<<Market Price Volatility>>

 

Bond Type

Market Price

Market yield

Price with rate drop to 5%

Price change

Price with rate increase to 7%

Price change

 

6% 5 Year Bond

$100.00

6.00%

$104.38

+ 4.38%

$95.84

- 4.16%

 

5 Year Strip Bond

$74.41

6.00%

$78.12

+ 4.99%

$70.89

- 4.73%

 

6% 20 Year Bond

$100.00

6.00%

$112.55

+ 12.55%

$89.32

- 10.68%

 

20 Year Strip Bond

$30.66

6.00%

$37.24

+ 21.49%

$25.26

-17.61%

Custodial Arrangements

Due to the high risk of forgery, money laundering and similar illegal activities -- and the costs associated with such risks -- with physical strips and bearer instruments, most investment dealers and financial institutions will only trade or accept transfer of book-based strips. CDS Clearing and Depository Services Inc. ("CDS") provides strip bond services, including book-based custodial services for strips and underlying bonds. Custodian banks or trust companies may also create and take custody of strips that are receipt securities, and may permit holders to obtain a registered certificate or take physical delivery of the underlying coupon(s) or residue(s). However, if the holder decides to take physical delivery, he or she should be aware of the risks, including the risk of lost ownership, associated with holding a bearer security which cannot be replaced. In addition, the holder should be aware that the secondary market for physical strips may be more limited than for book-based strips due to the risks involved. Investors in strip components held by and at CDS are not entitled to a physical certificate if the strips are Book Entry Only.

Canadian Income Tax Summary

The Canadian income tax consequences of purchasing strip bonds and strip bond packages are complex. Purchasers of strip bonds and strip bond packages should refer questions to the Canada Revenue Agency (http://www.cra-arc.gc.ca/) or consult their own tax advisors for advice relating to their particular circumstances.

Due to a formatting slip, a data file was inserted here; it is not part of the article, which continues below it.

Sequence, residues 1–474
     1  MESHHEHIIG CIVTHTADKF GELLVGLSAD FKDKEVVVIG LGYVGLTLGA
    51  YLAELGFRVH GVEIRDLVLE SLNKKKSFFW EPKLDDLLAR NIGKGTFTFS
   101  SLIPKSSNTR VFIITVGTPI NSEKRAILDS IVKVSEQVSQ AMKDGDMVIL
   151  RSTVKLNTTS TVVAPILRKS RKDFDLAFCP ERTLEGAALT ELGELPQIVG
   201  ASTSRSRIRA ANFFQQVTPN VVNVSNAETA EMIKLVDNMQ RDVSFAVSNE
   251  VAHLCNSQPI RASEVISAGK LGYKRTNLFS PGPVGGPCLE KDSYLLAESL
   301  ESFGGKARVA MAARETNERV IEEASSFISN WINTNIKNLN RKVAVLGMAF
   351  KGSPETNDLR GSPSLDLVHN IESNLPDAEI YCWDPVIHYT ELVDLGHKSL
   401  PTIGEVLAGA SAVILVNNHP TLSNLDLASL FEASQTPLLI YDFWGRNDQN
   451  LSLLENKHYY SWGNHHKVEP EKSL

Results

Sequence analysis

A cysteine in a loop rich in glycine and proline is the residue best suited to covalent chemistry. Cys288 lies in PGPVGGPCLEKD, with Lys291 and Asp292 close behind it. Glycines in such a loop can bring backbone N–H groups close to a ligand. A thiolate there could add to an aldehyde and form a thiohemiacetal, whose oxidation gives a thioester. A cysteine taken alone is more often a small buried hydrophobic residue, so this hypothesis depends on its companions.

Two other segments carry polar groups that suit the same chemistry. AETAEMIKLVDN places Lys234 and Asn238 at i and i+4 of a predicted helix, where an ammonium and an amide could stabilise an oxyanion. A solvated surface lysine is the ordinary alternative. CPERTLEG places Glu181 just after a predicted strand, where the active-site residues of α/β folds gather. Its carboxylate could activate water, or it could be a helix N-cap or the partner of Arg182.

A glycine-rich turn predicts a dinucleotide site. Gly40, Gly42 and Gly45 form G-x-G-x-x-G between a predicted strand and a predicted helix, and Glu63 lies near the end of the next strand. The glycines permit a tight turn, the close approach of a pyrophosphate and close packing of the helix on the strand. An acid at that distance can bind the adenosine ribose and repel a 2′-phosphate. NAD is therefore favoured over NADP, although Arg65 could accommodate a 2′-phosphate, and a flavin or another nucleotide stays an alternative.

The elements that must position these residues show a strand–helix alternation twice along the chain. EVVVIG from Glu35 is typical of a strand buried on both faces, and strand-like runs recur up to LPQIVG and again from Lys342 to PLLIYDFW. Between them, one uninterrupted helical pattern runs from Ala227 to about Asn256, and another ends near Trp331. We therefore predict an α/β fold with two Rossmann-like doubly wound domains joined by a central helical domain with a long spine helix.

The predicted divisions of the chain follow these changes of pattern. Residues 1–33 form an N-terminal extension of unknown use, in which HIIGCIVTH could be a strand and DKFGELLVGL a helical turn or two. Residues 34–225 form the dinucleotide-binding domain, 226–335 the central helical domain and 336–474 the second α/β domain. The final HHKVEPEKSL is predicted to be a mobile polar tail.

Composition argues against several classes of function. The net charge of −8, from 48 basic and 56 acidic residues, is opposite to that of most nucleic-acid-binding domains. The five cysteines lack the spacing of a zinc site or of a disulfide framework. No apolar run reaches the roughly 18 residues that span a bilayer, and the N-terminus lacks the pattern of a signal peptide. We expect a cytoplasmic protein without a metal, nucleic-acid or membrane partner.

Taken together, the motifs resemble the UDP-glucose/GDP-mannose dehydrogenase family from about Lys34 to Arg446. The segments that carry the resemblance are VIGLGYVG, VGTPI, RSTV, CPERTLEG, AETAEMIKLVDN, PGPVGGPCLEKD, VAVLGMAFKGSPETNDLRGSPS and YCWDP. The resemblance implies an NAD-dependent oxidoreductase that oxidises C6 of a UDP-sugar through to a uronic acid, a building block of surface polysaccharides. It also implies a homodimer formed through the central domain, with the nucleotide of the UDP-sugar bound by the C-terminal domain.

The following is only a general summary regarding the taxation of strip bonds and strip bond packages under the Income Tax Act (Canada) (the "Tax Act") for purchasers who are residents of Canada and hold their strip bonds and strip bond packages as capital property for purposes of the Tax Act. The following does not constitute legal advice.

Qualified Investments

Strip bonds and strip bond packages that are issued or guaranteed by the Government of Canada or issued by a province or territory of Canada are "qualified investments" under the Tax Act and are therefore eligible for purchase by trusts governed by registered retirement savings plans, registered retirement income funds, registered education savings plans, deferred profit sharing plans, registered disability savings plans and tax-free savings accounts ("Registered Plans"). Depending on the circumstances, strip bonds issued by corporations may also be "qualified investments" for Registered Plans.

Annual Taxation of Strip Bonds

The Canada Revenue Agency takes the position that strip bonds are a "prescribed debt obligation" within the meaning of the Tax Act. Consequently, a purchaser will be required to include in income in each year a notional amount of interest, notwithstanding that no interest will be paid or received in the year. Strips may therefore be more attractive when purchased and held in non-taxable accounts, such as self-directed Registered Plans, pension funds and charities.

In general terms, the amount of notional interest deemed to accrue each year will be determined by using the interest rate which, when applied to the total purchase price (including any dealer mark-up or commission) and compounded at least annually, will result in a cumulative accrual of notional interest from the date of purchase to the date of maturity equal to the amount of the discount from face value at which the strip bond was purchased.